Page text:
HAS the tide turned? The BBC permitted us to watch religious programmes on both Good Friday and Holy Saturday, as well as televising an Easter Day eucharist from Winchester Cathedral.
This represents a significant advance over last year’s disgraceful void, and for that we are deeply grateful. ITV and Channel 4 are, of course, too deeply engaged in pleasing advertisers to spare the time to broadcast anything that might speak to the faith of the UK’s 20 million-plus Christian adherents.
The Good Friday offering — The Day Jesus Died (BBC1) — was, in fact, a documentary about religion; after all, you wouldn’t want anything actually proclaiming belief on this particular day, would you? The highly telegenic Bettany Hughes led us on an exploration of the theology of the Cross: what did or does the death of Jesus actually mean? This is, of course, a pretty basic question, and one that we do well to return to again and again.
She took us through a sequence of historical responses: Gregory of Nyssa, Anselm, Abelard, Moltmann, with the aid of some big hitters: Tom Wright, Vincent Nichols, John Sentamu, Rowan Williams himself. I felt a certain discomfort, as if these experts were too narrowly confined. The Archbishop of Canterbury gave us a masterly account (of course) of Anselm’s theology — but what we really wanted, having secured his time, was to ask: but what do you believe on this matter, Achbishop?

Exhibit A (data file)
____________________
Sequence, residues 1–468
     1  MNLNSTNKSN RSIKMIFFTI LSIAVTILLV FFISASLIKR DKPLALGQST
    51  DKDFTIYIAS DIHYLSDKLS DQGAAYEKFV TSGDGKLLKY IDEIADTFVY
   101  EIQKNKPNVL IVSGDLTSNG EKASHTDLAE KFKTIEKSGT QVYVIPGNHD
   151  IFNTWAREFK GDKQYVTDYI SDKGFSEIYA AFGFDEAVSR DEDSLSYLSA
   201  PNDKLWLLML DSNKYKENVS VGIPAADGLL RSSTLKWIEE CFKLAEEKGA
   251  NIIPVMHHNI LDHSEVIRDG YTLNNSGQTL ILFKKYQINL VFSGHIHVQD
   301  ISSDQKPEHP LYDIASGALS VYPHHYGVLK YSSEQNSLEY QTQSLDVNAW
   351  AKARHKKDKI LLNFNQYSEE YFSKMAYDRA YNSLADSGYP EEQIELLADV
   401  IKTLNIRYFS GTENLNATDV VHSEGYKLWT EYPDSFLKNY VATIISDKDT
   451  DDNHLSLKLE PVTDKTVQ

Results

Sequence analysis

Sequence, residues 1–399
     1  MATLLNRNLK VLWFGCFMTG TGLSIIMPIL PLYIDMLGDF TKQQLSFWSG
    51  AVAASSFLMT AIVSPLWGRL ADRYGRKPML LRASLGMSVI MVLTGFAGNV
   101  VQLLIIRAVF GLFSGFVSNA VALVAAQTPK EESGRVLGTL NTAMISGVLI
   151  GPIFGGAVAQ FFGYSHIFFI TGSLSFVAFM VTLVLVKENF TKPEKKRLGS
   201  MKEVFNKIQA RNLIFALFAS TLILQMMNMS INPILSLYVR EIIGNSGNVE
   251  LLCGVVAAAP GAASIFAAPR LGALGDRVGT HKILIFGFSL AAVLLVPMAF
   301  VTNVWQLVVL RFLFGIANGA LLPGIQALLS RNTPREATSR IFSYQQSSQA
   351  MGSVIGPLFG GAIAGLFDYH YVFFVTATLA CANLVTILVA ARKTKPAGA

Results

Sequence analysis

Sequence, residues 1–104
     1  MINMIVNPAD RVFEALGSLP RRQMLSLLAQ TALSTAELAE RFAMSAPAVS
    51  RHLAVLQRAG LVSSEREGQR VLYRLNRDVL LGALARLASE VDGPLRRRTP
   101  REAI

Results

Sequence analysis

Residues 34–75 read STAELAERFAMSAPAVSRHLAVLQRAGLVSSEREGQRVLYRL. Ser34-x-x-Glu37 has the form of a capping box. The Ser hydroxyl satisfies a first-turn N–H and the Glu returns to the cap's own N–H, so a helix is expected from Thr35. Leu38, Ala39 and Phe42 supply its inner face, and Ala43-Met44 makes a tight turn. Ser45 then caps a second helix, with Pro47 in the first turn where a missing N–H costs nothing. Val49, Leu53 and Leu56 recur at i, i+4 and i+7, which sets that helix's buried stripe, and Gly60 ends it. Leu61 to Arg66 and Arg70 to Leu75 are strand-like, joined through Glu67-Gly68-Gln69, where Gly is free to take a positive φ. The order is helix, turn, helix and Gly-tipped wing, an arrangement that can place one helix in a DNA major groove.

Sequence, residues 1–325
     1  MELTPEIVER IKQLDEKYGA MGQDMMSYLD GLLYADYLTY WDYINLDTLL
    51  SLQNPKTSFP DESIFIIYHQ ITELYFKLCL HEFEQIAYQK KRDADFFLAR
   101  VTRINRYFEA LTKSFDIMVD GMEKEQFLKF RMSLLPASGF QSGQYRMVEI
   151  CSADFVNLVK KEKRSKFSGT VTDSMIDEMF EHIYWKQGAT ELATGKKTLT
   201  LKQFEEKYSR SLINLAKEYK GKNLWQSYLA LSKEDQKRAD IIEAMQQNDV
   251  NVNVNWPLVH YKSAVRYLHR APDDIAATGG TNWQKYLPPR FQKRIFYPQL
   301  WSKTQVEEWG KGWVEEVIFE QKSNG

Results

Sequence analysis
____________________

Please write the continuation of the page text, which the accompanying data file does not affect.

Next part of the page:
Ms Hughes’s approach was astonishingly thin on NT scholarship. The Gospels, she averred, tell us about the event of the crucifixion, but not much about what it means. Even I could suggest a few pointers to dispute that. And she implied that they are the earliest Christian writings, ignoring completely Paul’s prior documents with their crucial explorations of the significance of Jesus’s death.
I have some suspicion that she had been told that she had to make her presentation punchy, as much as possible like that of a CSI murder mystery, starting from nothing that makes sense and gradually building up to a solution — hence the irritating design framework, an attempt to present the quest as a forensic investigation, complete with pretend computer printouts clattering across the screen. Despite these significant flaws, this did indeed focus our attention on the Cross and make us re-examine our own response.
Easter From King’s (BBC2, Holy Saturday) was an actual devotion, a sequence of music and words taking us through the highlights of Holy Week. It was a treasure chest of wonderful things: Victoria, Lotti, Blow, Herbert, Donne. But why were the scriptural passages read from the Authorised Version? I’ll tell you why: because, for all its excellence, this was essentially Christianity-as-heritage, everything viewed through a lens of beauty and history, to keep it at arm’s length and soothe rather than disturb.
For me, although it picked up speed later, the exercise fell at the first hurdle by starting off with “Jesus Christ is risen today” and wrecking from the outset the stated aim of progressing through Holy Week. To have opened with, say, Pange Lingua, would presumably have upset the viewers too much. The glorious chapel was surprisingly empty, the notoriously godless dons of King’s staying well away.